The gradual liberalization of public morality places those churches that emphasis obedience to the law of God outside of mainstream mores. No longer can they rely on government to support their case because government, being democratic, has gone the way of popular liberalism. These churches may not find this situation a bad thing because it further defines them over and against the world. However, becoming ghettoised deepens the chasm that has opened up between church and society.
The Church's loss of authority over public morality raises the question as to core business of the Church. If the Church sees itself as the moral guardian of society from whence does it derive its guidance? I have argued that neither a naïve biblicism nor natural law is capable of providing a useful and consistent ethical system if indeed such a thing is possible or desirable. If it was capable of such a thing then why has its efforts been so easily and almost universally overthrown? The intransigence of the Vatican to mass disobedience illustrates that it is incapable of listening to the voice of the people but holds fast to sexual morals that are not obviously part of the original tradition of the early Church let alone the New Testament.
It is not as though secular morality advocated violence, theft, adultery, envy and bearing false witness or anarchy. The turn away from the morality proposed by the Church was to do with divorce, contraception, abortion, same sex marriage and extramarital sex. Whilst one would think that pastoral advice on these topics would be welcomed, that is quite different from a one size fits all prohibition with attendant consequences for the standing of members of the Church. The problem is the scholastic rationalism that draws hard and fast lines on areas of human life that are uniquely complex. The human tends to get lost in rationalist arguments.
There is such a thing as Christian ethics but it finds its origins in the living out of Christian discipleship and community rather than in the quotation of texts or a reliance on natural law. Ethics comes from who we become in Christ rather than rules applied from outside of ourselves. Our freedom comes from the fact that we do not know what we will become, that is always in process. The sexual abuse scandals that the Church has endured bears witness to the failure of morality. Men and women act out who they are, not what they have been taught is right. The idea that intellectualism should and could control desire has been found to be wanting.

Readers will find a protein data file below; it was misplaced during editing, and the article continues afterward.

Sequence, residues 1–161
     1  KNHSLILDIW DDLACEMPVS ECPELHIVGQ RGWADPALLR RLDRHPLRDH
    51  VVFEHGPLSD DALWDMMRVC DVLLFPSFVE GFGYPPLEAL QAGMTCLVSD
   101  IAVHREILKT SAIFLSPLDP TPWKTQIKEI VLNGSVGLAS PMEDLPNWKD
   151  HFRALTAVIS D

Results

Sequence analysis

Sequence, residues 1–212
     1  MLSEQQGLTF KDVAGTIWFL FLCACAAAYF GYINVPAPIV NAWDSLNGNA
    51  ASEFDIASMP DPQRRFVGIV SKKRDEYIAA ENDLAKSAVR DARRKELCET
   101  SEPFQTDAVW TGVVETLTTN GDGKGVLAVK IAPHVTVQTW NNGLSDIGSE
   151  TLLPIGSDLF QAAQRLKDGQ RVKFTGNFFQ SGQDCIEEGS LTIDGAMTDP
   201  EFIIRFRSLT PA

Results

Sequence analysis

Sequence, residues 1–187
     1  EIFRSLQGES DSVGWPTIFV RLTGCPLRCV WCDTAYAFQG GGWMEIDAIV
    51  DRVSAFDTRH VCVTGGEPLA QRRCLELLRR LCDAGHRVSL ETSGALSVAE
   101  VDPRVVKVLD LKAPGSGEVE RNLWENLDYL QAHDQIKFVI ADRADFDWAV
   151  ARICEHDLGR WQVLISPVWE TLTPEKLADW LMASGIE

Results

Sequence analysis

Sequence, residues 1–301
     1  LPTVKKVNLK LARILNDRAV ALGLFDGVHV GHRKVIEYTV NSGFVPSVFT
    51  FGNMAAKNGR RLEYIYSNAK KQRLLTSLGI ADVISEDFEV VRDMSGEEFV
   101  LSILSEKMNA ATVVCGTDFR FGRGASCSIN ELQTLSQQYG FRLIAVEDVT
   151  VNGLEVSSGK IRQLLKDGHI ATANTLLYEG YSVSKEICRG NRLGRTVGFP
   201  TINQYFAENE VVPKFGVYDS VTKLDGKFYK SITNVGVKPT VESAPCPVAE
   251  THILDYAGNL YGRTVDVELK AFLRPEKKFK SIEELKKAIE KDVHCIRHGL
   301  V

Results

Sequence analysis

Surely this was apparent in Germany during two world wars. A nation steeped in Christian morality, both Catholic and Protestant, became enthralled to schemes of national grandeur that produced unimaginable acts. Christianity, for many but not all, was shown to be hollow, a thin veneer of intellectual assent that did not reach into the centre of a person's being. Paul's problem with the law was exactly this: it left the inner person untouched.
By extending its attempt to control public morality the Church has overreached its remit and suffocated the moral sense. Rather than relying on the hearing of the gospel and the nurturance of the Christian community to generates persons who became Christ-like and hence acted in a Christ-like manner, the imposition of rule based morality left individuals in in a pre-adolescent state without an internal locus of compassionate action. How else can we explain the barbarity of the two world wars carried out in the name of the German Fatherland or Mother Russia (later commuted to the Supreme Soviet)?
The writing is on the wall for Churches who cling to what they perceive as Christian morality. The path out of their impasse lies in robust theological work and in giving up their assumed moral superiority. In short, they must nurture the faith that tells them that they are simply heralds of the advent of the Word and that that Word will do its work transforming the hearts of men and women and thus transforming the world. Surely that is the essence of faith. Faith is letting go of control and of trusting that the Word in Christ has entered the world and that we are but it's accomplices.